As a submarine warfare story, the episode is sort of okay, but I have to point out that it is a little hard to take it seriously when the episode's climax comes about when Worf says something like "I have a plan...we will need one phaser burst...my plan only requires one single burst," and the plan turns out to be...shooting a ship with a phaser continuously until it explodes. I can see why Worf is on the fast-track to command now.

Anyway this is somewhat an excuse for the two-person character vignettes, so, here we go:

Bashir & Dax: Sorry, how much fluorine is Dax supposed to have inhaled again? How did either survive the complete depressurization? Oh well, whatever. Their talk is...fine, and it mostly makes explicit what we have mostly been able to observe ourselves: that Julian has eased up on his crush on Jadzia, and that as a result she is more comfortable with him. I do wish she had said "two" or "three" years ago she would have taken his actions as being an attempt to be a hero, because I'm not all that convinced that Dax was writing off Bashir's actions in "Equilibrium" as posing for ego reasons. It is not that much of a scene though.

Worf & O'Brien: I think the idea here is to show that Worf has not adapted to command, and it's not completely implausible, though as others have pointed out Worf was on the Enterprise for years and saw how his superiors acted. Moreover, the way he dealt with Sito in "Lower Decks" (and to some extent his attitude about Astor in "The Bonding") suggests to me that he actually is capable of doling out praise and recognizing good work rather than just expecting it. In fact, even in "Disaster," there was that hilarious moment where he said "You bore that well" as reassurance to the guy whose broken limb he set. So I dunno. What I do like is the introduction of Muniz, and also that other guy, who have the right mixture of gentle dorky and harried to seem plausible as engineering grunts who, as O'Brien suggest, just want to do a job.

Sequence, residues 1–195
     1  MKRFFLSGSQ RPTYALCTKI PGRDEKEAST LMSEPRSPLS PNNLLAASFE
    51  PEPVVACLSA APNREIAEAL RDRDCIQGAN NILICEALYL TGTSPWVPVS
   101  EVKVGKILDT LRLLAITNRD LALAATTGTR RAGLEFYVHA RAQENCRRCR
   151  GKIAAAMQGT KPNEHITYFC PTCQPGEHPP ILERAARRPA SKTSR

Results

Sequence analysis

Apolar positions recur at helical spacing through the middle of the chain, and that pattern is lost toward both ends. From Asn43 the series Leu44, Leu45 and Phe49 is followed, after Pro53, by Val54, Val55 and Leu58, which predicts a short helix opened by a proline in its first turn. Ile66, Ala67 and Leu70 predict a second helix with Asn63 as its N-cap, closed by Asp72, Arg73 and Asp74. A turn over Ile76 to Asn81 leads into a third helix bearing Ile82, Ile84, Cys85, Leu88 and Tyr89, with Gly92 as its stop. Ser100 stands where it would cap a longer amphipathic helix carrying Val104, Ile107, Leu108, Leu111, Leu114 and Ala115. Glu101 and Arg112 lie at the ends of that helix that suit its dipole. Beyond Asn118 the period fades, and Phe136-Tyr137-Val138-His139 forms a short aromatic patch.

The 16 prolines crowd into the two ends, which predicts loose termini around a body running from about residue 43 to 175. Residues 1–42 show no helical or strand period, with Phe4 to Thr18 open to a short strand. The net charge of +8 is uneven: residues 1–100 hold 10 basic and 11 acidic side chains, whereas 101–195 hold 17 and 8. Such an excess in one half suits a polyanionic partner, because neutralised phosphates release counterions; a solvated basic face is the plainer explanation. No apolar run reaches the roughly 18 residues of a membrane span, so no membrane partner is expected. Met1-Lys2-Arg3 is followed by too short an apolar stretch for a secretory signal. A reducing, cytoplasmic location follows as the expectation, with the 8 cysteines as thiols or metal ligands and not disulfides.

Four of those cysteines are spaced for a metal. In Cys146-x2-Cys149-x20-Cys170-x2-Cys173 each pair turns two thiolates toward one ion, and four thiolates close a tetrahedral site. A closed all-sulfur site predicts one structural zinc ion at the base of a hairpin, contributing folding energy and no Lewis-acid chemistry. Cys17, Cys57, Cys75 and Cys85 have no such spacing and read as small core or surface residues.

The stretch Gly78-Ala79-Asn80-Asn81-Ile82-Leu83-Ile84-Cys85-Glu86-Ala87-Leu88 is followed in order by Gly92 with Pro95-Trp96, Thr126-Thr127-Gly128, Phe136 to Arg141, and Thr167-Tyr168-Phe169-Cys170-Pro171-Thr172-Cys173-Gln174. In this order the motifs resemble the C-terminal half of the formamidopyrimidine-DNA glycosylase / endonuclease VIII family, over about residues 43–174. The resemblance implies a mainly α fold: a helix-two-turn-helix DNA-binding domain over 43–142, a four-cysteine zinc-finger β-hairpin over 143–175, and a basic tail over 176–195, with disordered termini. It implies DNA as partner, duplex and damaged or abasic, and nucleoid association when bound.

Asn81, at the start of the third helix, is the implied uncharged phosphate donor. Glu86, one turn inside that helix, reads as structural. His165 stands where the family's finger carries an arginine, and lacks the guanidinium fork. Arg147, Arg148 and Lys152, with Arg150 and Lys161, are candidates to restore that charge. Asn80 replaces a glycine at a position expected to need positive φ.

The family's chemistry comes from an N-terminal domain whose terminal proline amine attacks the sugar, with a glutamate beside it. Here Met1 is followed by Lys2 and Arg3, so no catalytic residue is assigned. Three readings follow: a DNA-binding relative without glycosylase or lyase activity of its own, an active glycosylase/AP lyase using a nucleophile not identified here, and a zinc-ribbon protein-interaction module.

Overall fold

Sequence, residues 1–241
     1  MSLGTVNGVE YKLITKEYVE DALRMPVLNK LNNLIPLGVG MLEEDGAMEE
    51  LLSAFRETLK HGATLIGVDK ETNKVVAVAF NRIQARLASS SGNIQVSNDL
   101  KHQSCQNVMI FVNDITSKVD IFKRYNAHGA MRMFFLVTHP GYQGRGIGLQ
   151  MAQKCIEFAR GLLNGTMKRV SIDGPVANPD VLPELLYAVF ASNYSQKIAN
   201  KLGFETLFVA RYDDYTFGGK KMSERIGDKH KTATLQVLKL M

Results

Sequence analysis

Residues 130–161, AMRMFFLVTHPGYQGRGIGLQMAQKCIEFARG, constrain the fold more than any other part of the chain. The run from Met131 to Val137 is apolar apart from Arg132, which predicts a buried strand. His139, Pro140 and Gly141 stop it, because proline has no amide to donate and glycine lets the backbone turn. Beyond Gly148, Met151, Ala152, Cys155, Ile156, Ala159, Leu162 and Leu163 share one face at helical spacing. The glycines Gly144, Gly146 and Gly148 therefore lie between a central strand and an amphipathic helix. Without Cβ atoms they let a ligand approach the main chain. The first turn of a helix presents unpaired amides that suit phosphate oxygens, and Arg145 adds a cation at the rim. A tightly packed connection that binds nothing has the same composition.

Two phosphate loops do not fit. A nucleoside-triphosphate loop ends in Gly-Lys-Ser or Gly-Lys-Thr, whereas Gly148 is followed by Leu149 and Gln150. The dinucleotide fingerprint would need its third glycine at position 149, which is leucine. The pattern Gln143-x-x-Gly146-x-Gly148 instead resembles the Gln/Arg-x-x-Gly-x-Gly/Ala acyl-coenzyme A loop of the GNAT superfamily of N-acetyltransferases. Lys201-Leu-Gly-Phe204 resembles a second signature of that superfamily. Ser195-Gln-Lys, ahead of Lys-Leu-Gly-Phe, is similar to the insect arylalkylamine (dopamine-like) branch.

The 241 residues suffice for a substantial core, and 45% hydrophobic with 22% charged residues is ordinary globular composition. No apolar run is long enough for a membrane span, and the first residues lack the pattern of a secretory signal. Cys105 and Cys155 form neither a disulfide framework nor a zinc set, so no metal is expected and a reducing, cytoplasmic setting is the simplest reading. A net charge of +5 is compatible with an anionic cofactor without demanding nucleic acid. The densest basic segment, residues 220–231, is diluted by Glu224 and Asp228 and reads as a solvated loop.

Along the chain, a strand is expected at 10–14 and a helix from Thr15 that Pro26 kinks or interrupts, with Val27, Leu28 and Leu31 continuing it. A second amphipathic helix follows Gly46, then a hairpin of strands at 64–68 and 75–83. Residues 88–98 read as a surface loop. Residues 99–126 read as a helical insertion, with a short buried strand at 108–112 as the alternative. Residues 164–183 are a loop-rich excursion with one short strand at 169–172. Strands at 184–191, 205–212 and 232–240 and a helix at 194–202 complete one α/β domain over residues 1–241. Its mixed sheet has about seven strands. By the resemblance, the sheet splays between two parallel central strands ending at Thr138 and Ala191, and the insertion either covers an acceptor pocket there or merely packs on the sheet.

Quark & Hanok: It's pretty unnecessary, yes, but this is my favourite of the four. Shimerman and Cromwell really get into it here and give the episode a dose of energy that is somewhat lacking in the other scenes, many of which are just people sitting around with one person half-unconscious. Yes, it is weird how quickly Hanok seems to forget the operative problem was that Quark cheated him, not that Quark likes gambling, which is a pretty different issue. Still, the suggestion that Hanok does not like being cheated but his biggest objection to working with Quark again is not that he can't trust Quark to be honest with him but that he can't trust Quark to be a *competent businessman* is pretty fun. This is a good place to see Quark's articulation of the Ferengi code; often the show places Quark's values up against Federation ones in ways that are a little strawman-y, but this is a new character and so Quark's articulation of the value of risk gets almost Kirkesque, except that this is shown through the lens of *personal* profit rather than societal gain. Quark pointing out that you always assume everyone is out to screw you furthers the general idea of Ferengi culture -- that in spite of their conniving behaviour, they do have a kind of meritocratic structure, where people are given almost unlimited freedom to play the game the best they can...and then take pleasure in the game itself. Quark really likes the feeling of getting latinum even more than latinum, I think. This also, by the way, makes me happy that we have "Body Parts" coming up, because the idea that a whole society is built around people *assuming* everyone is being somewhat dishonest would naturally require certain uncrossable lines (games have to have rules). Anyway, not that substantial but pretty fun.

I will say, this must be a weird episode for anyone who is or knows someone with a gambling addiction to watch.